Tag Archives: lavender

The Sting

Whilst pouring half cup of petrol, which cost me almost a thousand pounds, into my car on Monday, I was stung by a wasp which was hiding on the petrol pump nozzle.  If I get stung many times I get rather wheezy, but a single sting from a sleepy wasp simply caused me to embark on a protracted bout of loud and compound swearing.  There are quite of lot of sleepy bees and wasps around at the moment, so keep your eyes peeled.

It is always a good idea to keep a bite and sting remedy to hand in the house and, if you have family members who react badly, keep a packet of antihistamines in the medicine cabinet just in case.
 However, as I was at a service station in the middle of Corby (God help me – I swear I heard the distant twang of a banjo), I ran to the cafe and demanded vinegar.  The helpful and sympathetic assistant poured vinegar onto a napkin and wrapped it round my finger.  The relief was surprisingly quick.

If you can’t remember whether stings should be treated with acid or alkali, this works for me.
Bees    = Bicarbonate
Vasps  = Vinegar

REMEMBER:  Some people are highly allergic to stings.  If you see any of the following signs, see a doctor immediately:

*  wheezing
*  swollen face or hands
*  nausea or vomiting
*  dizziness
* shock or loss of consciousness

Wasp and Hornet Stings –Vinegar

Wasp and Hornet venoms are powerful alkalines.  Use an acid such as vinegar to neutralize them.  It can be applied via a piece of cloth or bandaging.  Make sure to keep the sting(s) soaked for at least 30 minutes.  Some vinegar will absorb thorough the skin, and it should greatly help eliminate the discomfort.

Bee Stings – Bicarbonate of Soda

In the case of bee stings, baking soda will help to neutralize their acidic venoms.  Make a paste by mixing a tablespoon of bicarb with water.  Leave this paste on the sting site(s) for at least 30 minutes.  Some of the dissolved baking soda will leech through the skin to help to neutralize the venom.

ESSENTIAL OILS: – Lavender and Chamomile

Add two drops of lavender to a tablespoon of cool boiled water and clean the site using cotton wool.
Then put four drops of chamomile onto a piece of cold, damp cloth and apply as a compress to further reduce the inflammation.

In the event of an attack by giant killer bees, have a word with the Director and suggest he changes the plot to something fluffy.  Killer bees are So Seventies.


Filed under Natural Home Medicines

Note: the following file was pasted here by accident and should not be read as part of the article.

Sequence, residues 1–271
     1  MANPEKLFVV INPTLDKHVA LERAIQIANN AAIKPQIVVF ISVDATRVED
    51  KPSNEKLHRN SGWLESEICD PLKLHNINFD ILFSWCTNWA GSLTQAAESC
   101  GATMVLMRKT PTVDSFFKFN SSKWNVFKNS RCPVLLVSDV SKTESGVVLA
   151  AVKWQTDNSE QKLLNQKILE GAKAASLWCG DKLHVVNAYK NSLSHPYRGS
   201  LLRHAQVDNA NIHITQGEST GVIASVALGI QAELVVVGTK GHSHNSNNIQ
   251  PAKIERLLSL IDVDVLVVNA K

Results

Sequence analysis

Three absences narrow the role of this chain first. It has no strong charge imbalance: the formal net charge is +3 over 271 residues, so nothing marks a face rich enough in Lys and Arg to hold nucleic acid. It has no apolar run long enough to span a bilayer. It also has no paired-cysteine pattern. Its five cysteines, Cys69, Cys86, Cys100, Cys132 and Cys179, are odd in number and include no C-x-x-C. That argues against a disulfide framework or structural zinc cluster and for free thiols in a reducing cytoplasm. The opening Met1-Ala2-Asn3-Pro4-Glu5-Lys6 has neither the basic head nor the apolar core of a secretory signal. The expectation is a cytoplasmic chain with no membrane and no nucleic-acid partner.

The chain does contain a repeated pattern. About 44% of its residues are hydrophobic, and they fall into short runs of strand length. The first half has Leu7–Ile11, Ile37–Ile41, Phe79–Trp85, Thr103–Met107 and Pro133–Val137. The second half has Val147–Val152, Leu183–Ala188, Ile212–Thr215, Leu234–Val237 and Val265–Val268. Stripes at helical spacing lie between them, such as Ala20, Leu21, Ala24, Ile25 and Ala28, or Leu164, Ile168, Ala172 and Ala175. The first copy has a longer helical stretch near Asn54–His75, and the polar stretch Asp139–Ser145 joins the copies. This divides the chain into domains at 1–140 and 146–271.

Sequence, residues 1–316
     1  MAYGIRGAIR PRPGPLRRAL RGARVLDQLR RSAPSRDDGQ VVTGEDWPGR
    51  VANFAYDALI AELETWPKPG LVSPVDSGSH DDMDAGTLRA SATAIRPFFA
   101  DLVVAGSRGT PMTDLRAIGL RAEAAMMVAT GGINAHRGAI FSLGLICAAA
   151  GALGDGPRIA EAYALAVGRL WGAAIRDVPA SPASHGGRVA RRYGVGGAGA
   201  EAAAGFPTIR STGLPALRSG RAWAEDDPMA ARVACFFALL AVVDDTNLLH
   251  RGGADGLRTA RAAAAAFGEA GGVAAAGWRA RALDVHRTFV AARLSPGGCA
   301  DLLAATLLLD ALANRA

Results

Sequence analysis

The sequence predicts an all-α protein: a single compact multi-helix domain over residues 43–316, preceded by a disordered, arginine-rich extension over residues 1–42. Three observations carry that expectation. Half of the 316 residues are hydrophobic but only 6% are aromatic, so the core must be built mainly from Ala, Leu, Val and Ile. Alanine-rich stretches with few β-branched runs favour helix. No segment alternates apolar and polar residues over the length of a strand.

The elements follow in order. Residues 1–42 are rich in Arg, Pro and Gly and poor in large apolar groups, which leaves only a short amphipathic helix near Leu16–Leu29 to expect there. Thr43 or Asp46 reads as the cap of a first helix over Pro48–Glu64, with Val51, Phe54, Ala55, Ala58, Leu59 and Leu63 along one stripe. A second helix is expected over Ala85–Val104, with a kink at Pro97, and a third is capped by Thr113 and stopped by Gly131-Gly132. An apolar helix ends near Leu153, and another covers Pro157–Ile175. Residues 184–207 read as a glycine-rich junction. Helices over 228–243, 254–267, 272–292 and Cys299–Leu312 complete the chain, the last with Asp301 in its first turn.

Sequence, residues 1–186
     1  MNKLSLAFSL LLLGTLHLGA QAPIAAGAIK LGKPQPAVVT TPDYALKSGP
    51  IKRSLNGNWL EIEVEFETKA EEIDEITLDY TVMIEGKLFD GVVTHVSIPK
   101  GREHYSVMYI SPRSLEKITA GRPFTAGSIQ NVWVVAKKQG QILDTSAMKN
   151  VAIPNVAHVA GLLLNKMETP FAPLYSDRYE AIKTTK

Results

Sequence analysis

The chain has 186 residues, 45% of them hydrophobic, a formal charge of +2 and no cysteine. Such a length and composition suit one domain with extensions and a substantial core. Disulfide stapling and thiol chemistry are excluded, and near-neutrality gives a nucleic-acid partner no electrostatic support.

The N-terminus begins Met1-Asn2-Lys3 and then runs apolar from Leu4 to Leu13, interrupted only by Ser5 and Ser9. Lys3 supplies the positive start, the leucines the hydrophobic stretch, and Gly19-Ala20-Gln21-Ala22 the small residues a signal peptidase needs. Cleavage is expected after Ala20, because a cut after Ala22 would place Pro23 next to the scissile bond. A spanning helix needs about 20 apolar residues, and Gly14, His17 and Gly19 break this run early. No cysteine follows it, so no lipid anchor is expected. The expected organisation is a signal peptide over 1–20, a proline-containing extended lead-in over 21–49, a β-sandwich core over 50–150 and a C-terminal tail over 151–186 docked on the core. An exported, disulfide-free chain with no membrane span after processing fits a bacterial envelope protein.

Natural Home Remedies: Part 3 -Pets: Cuts & Grazes in cats and dogs

It’s not just humans who can benefit from a more natural approach to health, and medicines from vets can be horrifically expensive.

My cat, as I have mentioned previously, becomes a psychotic killer when exposed to fresh air and the beauty of open fields, reverting to a velvety, snuggling, purring thing of beauty the minute she steps into the hallway.  Last week she came home having clearly been in a fight.  We discussed it.  She brought me a dismembered vole to say sorry.

Cat bites are really horrible and they will usually attempt to bite each other in places that they can’t lick clean, the back of the neck and the topside of the base of the tail being favourite targets. If you suspect your cat of being in a fight, always check it’s tail, as a bite can quickly turn into an abscess which, if left untreated could result in an amputated tail.  Hey presto! One Manx cat you haven’t bargained for.

If your cat has a cut or graze, mix 1 drop of Thyme essential oil with ¼ pint / 150ml of cool, boiled water.  Using clean cotton wool, bathe the area with the thyme water until it looks clean. 

If you can see the beginnings of an abscess apply 1 drop of neat tea tree oil onto it to bring it to a head.  If the cat can reach, it will ingest the oil which will also help the healing process.  Keep doing this daily until it bursts.  When it does, mix 1 drop lavender oil with 1 tablespoon cool boiled water and bathe the area a couple of times a day to keep it clean, bacteria free and to promote healing.

The same remedies apply to dogs, but you will need to increase the quantities:
A cat-sized dog can be treated as above
A medium sized dog eg. Spaniel use 2 drops thyme to ¼ pint / 150ml cool boiled water
A large sized dog eg. German Shepherd use 3 drops thyme to ¼ pint / 150ml cool boiled water
A giant sized dog eg. Great Dane use 4 drops thyme to ¼ pint / 150ml cool boiled water

The area can then be kept clean with the lavender and water as you need it.